The Associated Press

The Pittsburgh Citizen Police Review Board says a white officer should be fired for arresting a black teacher after a community meeting that addressed police relations with the city's black community.

The Pittsburgh Post-Gazette reports that Tuesday's non-binding recommendation that Officer Jonathan Gromek be fired was much harsher than the letter of reprimand he received after an internal investigation — a punishment the city's police union said was too severe.

A civil-rights group is raising questions about Pennsylvania's participation in a national program designed to help cull voters with duplicate registrations in different states.

Witold Walczak of the American Civil Liberties Union of Pennsylvania voiced concern Tuesday about the lack of information from state officials about how they'll oversee the purging of voter rolls under the Interstate Voter Registration Crosscheck Program.

An ongoing federal investigation involving Pittsburgh's former mayor and the city's lawsuit challenging the nonprofit status of the University of Pittsburgh Medical Center have intersected — at the ex-mayor's computer.

Former Mayor Luke Ravenstahl took the computer with him for about 10 days after leaving office in January, but has since returned it. Now UPMC's attorneys want to know if he did anything with the device that might impact the city's ongoing lawsuit over its nonprofit status.

A 110-year-old church is one of three closing next month as the Catholic Diocese of Pittsburgh merges two parishes with dwindling membership in the Monongahela River valley.

The historic St. Anthony Church was merged with Transfiguration Church in 2011 to create the new St. Damien of Molokai parish in Monongahela, a depressed former mill town. Both church buildings had remained open as worship sites, however.

A new report from a nonpartisan office of the state legislature says that Pennsylvania's taxes on the natural gas drilling boom are among the lowest in the nation.

The figures released Thursday by the Independent Fiscal Office found that Pennsylvania is the only state with significant production that doesn't impose a severance tax based on the volume of gas produced.

Pennsylvania's unemployment rate continued its rapid drop in February, while employer payrolls inched up and the labor force grew after a 14-month skid.

The state Department of Labor and Industry said Friday that Pennsylvania's unemployment rate fell two-tenths of a percentage point to 6.2 percent last month. It was last at that mark in 2008. The national rate was 6.7 percent in February.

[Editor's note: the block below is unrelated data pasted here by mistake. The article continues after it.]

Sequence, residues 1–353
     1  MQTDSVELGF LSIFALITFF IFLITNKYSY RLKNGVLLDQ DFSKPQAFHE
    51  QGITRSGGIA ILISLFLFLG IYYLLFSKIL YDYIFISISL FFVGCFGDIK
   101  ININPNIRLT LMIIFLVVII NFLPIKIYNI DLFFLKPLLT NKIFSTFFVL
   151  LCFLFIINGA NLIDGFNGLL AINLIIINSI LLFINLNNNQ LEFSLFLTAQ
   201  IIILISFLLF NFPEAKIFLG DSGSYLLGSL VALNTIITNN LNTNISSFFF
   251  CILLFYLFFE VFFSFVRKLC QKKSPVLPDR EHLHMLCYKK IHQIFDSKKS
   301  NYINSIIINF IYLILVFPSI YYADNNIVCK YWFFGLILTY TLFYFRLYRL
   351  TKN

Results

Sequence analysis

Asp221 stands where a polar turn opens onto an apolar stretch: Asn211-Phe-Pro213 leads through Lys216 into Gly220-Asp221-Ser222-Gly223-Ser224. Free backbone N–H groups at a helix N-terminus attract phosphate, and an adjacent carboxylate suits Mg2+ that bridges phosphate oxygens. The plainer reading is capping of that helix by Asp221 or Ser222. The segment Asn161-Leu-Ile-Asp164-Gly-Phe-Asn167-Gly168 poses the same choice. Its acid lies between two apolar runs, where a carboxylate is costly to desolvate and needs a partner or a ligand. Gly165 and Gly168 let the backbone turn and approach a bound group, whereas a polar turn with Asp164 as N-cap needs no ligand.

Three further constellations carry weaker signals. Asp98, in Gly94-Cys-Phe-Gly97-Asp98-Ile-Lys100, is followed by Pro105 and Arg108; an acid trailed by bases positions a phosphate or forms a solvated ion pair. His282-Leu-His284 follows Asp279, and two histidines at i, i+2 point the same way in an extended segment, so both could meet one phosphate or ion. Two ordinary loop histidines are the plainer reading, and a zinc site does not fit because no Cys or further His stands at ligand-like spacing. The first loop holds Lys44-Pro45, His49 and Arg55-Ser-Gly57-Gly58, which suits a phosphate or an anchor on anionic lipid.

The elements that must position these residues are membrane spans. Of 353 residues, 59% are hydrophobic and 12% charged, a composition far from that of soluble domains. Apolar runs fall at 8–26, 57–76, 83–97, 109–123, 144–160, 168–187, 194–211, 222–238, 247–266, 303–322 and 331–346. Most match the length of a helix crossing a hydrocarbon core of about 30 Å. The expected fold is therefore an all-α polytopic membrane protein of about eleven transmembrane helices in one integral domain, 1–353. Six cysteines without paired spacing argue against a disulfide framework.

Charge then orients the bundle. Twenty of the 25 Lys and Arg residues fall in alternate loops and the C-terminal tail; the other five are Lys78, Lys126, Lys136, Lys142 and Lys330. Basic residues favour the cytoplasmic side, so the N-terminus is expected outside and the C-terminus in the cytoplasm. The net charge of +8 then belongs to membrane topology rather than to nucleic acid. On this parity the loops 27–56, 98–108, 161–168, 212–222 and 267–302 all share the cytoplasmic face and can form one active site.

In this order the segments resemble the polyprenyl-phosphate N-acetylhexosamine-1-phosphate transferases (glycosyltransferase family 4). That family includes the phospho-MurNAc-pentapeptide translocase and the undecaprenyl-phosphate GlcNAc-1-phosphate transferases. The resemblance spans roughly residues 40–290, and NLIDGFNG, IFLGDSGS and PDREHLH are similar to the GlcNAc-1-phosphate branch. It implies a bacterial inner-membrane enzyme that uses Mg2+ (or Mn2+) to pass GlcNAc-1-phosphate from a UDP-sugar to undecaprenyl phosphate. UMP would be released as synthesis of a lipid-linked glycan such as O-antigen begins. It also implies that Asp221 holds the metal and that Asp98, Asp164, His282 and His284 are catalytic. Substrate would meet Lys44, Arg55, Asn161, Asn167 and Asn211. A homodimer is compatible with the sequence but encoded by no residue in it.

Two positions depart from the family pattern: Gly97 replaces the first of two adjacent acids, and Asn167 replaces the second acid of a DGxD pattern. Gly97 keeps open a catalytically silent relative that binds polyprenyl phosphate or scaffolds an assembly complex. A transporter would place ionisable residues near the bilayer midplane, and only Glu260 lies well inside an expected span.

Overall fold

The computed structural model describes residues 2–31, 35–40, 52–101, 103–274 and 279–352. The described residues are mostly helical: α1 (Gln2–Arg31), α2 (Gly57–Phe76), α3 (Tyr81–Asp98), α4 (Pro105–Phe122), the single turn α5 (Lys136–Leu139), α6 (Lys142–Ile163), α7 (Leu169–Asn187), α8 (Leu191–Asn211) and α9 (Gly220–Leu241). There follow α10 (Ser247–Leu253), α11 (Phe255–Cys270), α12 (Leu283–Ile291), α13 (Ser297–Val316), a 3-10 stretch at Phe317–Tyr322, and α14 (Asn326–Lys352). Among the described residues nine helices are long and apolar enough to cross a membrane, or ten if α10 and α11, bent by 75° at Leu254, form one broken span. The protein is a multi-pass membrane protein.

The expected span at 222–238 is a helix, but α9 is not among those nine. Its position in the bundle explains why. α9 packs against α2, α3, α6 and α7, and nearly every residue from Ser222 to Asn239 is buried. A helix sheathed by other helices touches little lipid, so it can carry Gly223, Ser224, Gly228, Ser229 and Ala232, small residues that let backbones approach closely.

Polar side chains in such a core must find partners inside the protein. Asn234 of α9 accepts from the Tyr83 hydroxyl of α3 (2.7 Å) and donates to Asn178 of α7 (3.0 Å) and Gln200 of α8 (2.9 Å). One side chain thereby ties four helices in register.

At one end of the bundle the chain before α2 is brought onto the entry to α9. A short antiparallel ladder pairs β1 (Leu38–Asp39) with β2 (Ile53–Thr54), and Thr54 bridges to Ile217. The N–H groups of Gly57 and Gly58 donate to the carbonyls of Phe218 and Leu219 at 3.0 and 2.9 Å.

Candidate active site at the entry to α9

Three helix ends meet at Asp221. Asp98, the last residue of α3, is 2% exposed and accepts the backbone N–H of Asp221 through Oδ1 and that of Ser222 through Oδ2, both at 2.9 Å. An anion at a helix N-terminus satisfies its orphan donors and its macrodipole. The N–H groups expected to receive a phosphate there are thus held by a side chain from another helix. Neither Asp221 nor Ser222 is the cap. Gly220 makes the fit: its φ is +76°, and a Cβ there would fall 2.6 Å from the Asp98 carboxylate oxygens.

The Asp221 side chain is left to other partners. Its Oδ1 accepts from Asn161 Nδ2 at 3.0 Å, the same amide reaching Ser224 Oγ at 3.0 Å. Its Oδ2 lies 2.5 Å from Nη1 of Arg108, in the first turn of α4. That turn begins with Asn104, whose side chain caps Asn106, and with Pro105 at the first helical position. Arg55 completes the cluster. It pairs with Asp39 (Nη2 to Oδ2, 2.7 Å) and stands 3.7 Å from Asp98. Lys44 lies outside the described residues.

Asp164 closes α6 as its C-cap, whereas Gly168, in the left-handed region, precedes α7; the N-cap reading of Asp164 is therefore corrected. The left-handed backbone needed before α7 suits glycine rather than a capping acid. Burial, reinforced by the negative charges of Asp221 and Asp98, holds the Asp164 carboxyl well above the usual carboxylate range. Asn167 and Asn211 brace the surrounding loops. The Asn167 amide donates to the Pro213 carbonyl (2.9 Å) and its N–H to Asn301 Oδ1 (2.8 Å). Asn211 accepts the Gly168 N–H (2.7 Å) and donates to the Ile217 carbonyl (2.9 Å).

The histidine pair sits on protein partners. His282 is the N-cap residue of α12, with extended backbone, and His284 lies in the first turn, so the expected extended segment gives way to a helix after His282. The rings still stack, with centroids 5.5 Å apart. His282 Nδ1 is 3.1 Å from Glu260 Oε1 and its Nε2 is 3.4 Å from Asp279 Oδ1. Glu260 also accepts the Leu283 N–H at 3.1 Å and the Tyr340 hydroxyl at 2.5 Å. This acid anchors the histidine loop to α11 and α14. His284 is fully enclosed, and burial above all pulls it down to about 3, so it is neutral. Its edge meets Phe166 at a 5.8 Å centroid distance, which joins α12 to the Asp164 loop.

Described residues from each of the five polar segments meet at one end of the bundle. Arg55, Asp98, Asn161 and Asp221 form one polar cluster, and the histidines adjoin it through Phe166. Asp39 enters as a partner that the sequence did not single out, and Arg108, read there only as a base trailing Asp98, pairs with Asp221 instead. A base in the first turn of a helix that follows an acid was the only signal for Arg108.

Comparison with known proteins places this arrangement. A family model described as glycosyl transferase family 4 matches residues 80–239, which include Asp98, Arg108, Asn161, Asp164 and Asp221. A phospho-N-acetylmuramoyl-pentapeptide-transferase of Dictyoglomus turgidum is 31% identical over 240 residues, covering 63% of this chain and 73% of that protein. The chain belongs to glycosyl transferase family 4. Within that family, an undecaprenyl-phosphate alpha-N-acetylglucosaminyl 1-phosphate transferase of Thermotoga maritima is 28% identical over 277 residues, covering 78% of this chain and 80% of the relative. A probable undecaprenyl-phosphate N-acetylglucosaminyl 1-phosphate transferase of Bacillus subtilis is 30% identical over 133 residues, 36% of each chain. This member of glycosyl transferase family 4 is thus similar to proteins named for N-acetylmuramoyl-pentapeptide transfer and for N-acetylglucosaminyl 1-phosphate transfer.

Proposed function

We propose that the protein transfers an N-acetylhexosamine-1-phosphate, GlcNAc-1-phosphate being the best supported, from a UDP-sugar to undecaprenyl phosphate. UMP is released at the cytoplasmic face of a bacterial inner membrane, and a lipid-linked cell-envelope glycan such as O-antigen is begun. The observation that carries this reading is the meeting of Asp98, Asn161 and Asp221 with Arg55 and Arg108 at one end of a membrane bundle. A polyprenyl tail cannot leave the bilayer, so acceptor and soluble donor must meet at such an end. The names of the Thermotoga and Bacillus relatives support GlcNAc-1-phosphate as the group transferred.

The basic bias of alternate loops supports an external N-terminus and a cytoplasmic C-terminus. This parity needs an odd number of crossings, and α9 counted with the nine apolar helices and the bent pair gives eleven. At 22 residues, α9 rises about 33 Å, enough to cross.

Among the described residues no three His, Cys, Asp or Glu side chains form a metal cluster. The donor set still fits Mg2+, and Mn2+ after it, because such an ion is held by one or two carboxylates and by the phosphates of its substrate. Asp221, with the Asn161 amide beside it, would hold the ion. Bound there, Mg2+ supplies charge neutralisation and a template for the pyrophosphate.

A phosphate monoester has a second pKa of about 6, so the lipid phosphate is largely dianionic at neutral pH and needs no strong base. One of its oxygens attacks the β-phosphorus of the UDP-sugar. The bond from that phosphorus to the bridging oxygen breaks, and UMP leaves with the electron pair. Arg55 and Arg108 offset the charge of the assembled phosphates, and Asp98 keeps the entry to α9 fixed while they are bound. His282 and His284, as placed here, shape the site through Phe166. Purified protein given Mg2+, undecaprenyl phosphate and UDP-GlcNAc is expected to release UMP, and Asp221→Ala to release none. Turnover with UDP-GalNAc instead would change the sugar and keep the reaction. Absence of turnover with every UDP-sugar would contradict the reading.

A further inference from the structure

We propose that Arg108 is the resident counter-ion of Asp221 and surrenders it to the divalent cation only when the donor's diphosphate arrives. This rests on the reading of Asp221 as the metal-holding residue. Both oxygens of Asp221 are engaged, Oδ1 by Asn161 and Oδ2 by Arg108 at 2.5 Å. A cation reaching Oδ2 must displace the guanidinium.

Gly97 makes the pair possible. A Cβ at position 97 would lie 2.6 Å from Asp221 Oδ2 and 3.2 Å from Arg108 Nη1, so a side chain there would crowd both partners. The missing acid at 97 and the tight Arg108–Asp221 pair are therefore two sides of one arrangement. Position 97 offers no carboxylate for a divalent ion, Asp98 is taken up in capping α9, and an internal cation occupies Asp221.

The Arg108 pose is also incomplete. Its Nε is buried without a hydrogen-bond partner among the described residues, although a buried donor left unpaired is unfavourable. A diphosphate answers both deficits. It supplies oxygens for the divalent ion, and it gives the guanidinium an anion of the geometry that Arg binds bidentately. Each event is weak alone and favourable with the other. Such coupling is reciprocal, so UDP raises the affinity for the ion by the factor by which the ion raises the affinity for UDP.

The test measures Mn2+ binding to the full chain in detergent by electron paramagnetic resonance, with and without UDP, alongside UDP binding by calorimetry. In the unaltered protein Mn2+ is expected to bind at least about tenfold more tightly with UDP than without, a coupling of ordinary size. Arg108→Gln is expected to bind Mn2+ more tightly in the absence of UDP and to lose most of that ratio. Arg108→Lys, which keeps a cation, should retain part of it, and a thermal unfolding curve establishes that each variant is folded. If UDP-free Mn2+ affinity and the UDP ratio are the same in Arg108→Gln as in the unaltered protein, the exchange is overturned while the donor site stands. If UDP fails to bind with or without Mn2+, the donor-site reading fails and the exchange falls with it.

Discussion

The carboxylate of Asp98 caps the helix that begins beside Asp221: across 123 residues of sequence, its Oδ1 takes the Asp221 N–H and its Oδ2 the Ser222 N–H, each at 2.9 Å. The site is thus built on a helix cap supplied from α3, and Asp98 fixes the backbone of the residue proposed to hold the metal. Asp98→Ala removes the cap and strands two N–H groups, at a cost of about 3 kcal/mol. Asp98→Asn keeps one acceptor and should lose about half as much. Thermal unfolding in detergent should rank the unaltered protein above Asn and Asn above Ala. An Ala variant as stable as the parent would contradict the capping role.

Pennsylvania remains the only mid-Atlantic state that bans gay marriage, but several court fights this year could change that.

In Philadelphia, a federal judge has been asked to order Pennsylvania to recognize same-sex marriages from elsewhere.

Lead plaintiffs Cara Palladino and Isabelle Barker have been married nine years. They believe most people don't see same-sex marriage as an issue anymore.

A February poll by Quinnipiac University shows that 57 percent of state voters support same-sex marriage, while 37 percent are opposed.

Federal prosecutors in Pittsburgh say the West Penn Allegheny Health System has agreed to pay more than $1.5 million to settle claims that it violated the law by offering doctors below-market rents so the physicians would refer patients to the network's hospitals.

A spokesman for West Penn says the settlement grew out of a self-audit and voluntary report made to federal officials, which was confirmed by U.S. Attorney David Hickton, who announced the settlement. The allegedly illegal activity began in the mid-2000s, with most of it occurring between 2008 and 2012.

Pittsburgh Mayor Bill Peduto is appealing an arbitration panel's decision that its police officers can live outside the city.

The appeal to Allegheny County Court puts on hold last week's ruling that would let officers live within 25 miles of the City-County Building. The ruling means officers could live throughout the county and in parts of six neighboring counties.

Gov. Tom Corbett and several high-ranking state lawmakers are demanding that members of the Pennsylvania Game Commission make changes or resign.

The letter they sent Tuesday to Pennsylvania Game Commission President Bob Schlemmer says the agency should rescind an agreement to pay $220,000 to its former executive director, Carl Roe.

It also says William Capouillez shouldn't be named to succeed Roe.

Allegheny County Council is set to consider a lucrative deal to allow Range Resources to drill for natural gas beneath a Pittsburgh-area park, from well sites on neighboring private properties.